Tuesday 25 August 2015 | Published in Regional
The scientists of the The Ocean Cleanup project, backed by volunteers in sailing boats, returned to San Francisco after mapping and sampling the Great Pacific Garbage Patch – a swirling mass of human-linked debris spanning hundreds of miles of open sea.
“I’ve studied plastic in all the world’s oceans, but never seen any area as polluted as the Great Pacific Garbage Patch,” said Dr Julia Reisser, the lead oceanographer with the project. “With every trawl we completed, thousands of miles from land, we just found lots and lots of plastic.”
The rubbish ranges from microscopic pieces of plastic to large chunks.
But the scientists said most of the trash they found is in medium to large-sized pieces, as opposed to tiny ones.
Working for about a month, the group collected samples as small as a grain of sand and as large as discarded fishing nets weighing more than 1000kg.
The debris, concentrated by circular, clockwise ocean currents within an oblong-shaped “convergence zone”, lies near the Hawaiian Islands, about midway between Japan and the US West Coast.
Volunteer crews on 30 boats from a 52-metre mother ship spent a month measuring the size and mapping the location of the mass of plastic waste that according to some estimates covers an area twice the size of Texas.
They mapped the area, using aerial balloons and trawling equipment to locate samples, said oceanographer Reisser.
“We did three types of surveys in 80 locations, and now we are working on completing an up-to-date estimate of the size of the patch, making a chart of hot spots and publishing our findings by mid-2016,” Reisser said.
“There were hundreds of times more plastics in these areas than there were living organisms,” she added.
The reconnaissance trip is the brainchild of Ocean Cleanup’s 21-year-old founder and CEO, Boyan Slat.
Slat, a Dutch inventor who gained attention as a teenager when he developed the floating boom system – which uses technology used for anchoring deep sea oil rigs – said the project would be situated in international waters, away from shipping lanes.
The project is backed financially by philanthropic business and crowdsourcing initiatives which brought in some $2.2 million, according to The Ocean Cleanup.
Although the samples collected during the expedition still have to be analysed, preliminary findings indicate a higher-than-expected volume of large plastic objects floating in the ocean.
This underscores the urgency of The Ocean Cleanup’s mission to clean it up, according to Slat: “The vast majority of the plastic in the garbage patch is currently locked up in large pieces of debris, but UV light is breaking it down into much more dangerous microplastics, vastly increasing the amount of microplastics over the next few decades if we don’t clean it up. It really is a ticking time bomb.”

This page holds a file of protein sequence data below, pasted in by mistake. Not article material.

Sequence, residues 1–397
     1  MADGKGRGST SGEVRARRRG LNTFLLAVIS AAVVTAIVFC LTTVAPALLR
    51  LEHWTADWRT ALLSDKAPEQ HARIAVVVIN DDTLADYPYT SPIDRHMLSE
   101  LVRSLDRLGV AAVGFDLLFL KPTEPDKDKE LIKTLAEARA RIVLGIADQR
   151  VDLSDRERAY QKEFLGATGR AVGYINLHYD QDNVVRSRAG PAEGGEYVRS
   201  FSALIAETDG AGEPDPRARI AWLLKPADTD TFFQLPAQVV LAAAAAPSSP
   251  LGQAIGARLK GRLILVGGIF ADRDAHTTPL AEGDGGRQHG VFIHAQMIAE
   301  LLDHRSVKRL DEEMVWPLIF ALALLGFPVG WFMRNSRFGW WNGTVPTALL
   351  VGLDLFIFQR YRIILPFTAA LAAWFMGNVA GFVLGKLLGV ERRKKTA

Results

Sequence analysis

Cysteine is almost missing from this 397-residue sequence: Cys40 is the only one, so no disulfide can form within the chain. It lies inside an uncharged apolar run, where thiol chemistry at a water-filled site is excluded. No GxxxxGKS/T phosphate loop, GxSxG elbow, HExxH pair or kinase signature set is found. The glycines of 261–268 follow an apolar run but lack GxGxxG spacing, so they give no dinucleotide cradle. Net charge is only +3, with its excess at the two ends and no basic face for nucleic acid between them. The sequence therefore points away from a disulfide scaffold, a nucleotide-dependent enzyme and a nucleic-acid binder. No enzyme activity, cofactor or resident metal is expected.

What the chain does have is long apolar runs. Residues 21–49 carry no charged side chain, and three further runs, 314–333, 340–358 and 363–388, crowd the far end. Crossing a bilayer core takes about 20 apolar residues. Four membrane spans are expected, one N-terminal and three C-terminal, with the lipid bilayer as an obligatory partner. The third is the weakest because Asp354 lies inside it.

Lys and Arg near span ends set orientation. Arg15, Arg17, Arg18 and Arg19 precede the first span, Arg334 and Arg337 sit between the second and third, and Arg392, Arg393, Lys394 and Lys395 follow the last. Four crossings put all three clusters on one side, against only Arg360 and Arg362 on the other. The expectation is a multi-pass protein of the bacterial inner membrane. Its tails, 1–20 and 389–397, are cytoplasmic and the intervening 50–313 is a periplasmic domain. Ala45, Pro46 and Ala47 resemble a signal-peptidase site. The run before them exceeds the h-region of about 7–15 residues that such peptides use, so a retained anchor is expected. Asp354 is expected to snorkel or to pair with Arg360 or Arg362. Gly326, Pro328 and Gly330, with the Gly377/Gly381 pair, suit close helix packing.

The next phase, planned for 2016, is the deployment in Japanese coastal waters of a 2000-metre scale model of the group’s proposed debris collection system, which researchers believe could extend for 96 kilometres.
That system will contain floating stationary booms tethered to the ocean floor and linked in a V-shape intended to skim and concentrate surface plastics floating on top of ocean currents.
Slat said he became passionate about cleaning the oceans of plastic while diving in the Mediterranean sea five years ago.
“I was diving in Greece and realised that there were more plastic bags than fish,” he said, “and I wondered – why can’t we clean this up?”
After dropping out of university after six months, Slat dedicated his life to developing the technology the group will start testing next year.
He envisioned using long-distance floating barriers that will attach to the seabed and target swirling ocean currents full of waste to skim garbage from the surface while aquatic life and currents pass underneath.
After a 2012 Ted Talk about his idea was viewed more than two million times, Slat decided to launch a Kickstarter campaign and raised $2.27 million, helping to start his organisation.
Soon, his innovative solution got the attention of major philanthropists in Europe and Silicon Valley, including Salesforce.com chief executive Marc Benioff, who are helping pay for the data-gathering efforts and the technology’s development.
The cost of the reconnaissance expedition and the debris collection system was not disclosed. Critics say the system is too costly or unlikely to function as designed.